For decades, astrophysicists have attempted to recreate the formation of spiral galaxies such as the Milky Way as realistic as possible.
Recently, a group of astrophysicists from the University of Zurich demonstrated the world’s first realistic simulation of the creation of the Milky Way galaxy. The simulation was done in collaboration with astronomers from the University of California at Santa Cruz.
The new results were partly calculated on the computer of the Swiss National Supercomputing Center (CSCS) and show, for instance, that there must be stars on the outer edge of the Milky Way.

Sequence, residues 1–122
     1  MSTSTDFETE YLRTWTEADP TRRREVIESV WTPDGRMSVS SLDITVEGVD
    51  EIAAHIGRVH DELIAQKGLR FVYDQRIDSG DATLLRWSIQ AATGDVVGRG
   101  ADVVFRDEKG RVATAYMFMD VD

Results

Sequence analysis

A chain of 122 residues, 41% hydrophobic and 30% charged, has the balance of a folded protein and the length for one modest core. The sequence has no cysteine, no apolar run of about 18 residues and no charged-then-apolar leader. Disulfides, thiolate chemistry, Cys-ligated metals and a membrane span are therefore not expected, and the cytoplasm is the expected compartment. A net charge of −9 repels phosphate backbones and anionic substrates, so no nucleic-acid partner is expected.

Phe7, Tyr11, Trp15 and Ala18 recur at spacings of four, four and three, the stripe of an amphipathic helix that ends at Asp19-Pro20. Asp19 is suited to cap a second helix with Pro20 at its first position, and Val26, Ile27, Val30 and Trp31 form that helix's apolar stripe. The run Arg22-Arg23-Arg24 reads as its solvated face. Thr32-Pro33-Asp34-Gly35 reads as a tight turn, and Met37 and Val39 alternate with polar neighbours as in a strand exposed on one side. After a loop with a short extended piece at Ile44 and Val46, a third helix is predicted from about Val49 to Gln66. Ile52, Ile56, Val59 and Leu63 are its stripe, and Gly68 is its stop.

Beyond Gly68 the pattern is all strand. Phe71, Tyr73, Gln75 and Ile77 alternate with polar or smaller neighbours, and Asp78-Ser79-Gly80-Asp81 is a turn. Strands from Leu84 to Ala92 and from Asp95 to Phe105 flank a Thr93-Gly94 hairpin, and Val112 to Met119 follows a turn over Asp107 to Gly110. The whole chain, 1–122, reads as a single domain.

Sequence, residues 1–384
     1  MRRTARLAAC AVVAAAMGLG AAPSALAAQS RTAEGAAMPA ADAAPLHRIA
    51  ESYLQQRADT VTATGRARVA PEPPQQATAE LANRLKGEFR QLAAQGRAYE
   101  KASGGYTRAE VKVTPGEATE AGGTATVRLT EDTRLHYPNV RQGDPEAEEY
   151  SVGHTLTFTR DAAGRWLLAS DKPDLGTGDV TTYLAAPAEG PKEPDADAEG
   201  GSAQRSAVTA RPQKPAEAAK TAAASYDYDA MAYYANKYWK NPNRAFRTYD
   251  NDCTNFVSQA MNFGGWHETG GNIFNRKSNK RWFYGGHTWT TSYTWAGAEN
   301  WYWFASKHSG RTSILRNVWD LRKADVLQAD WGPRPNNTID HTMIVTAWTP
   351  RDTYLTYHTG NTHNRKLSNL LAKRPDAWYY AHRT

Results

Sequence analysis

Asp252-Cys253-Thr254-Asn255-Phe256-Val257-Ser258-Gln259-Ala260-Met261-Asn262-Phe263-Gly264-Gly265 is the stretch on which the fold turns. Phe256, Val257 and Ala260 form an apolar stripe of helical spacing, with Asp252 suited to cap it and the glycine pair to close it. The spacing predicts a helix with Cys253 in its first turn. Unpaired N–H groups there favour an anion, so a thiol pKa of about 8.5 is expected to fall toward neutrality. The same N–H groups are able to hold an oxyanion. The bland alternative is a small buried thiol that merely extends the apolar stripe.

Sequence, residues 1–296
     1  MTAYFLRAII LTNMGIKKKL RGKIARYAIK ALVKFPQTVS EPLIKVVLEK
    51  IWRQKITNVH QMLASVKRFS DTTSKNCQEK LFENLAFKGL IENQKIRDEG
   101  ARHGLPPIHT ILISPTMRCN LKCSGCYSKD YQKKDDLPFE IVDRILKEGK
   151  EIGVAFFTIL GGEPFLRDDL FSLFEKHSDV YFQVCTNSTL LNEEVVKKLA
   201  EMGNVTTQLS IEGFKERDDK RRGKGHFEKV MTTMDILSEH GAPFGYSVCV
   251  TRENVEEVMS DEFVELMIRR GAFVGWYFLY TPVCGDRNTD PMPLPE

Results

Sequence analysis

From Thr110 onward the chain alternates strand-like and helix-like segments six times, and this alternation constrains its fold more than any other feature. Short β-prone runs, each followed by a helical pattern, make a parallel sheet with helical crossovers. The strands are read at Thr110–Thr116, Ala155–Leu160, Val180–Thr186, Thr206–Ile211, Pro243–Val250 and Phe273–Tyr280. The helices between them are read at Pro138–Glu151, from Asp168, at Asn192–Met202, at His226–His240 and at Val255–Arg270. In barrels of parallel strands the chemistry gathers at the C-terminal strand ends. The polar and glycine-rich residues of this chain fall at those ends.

“The simulation follows the interactions of more than 60 million particles of dark matter and gas. A lot of physics goes into the code–gravity and hydrodynamics, star formation and supernova explosions–and this is the highest resolution cosmological simulation ever done this way,” said astrophysicist Guedes.
Just how complex was this simulation? It was calculated in 8 months at the Swiss National Supercomputing Centre at Manno, Switzerland. It would take 570 years of computational time to run the same simulation on a personal computer.
And here it is – the formation of our Milky Way galaxy: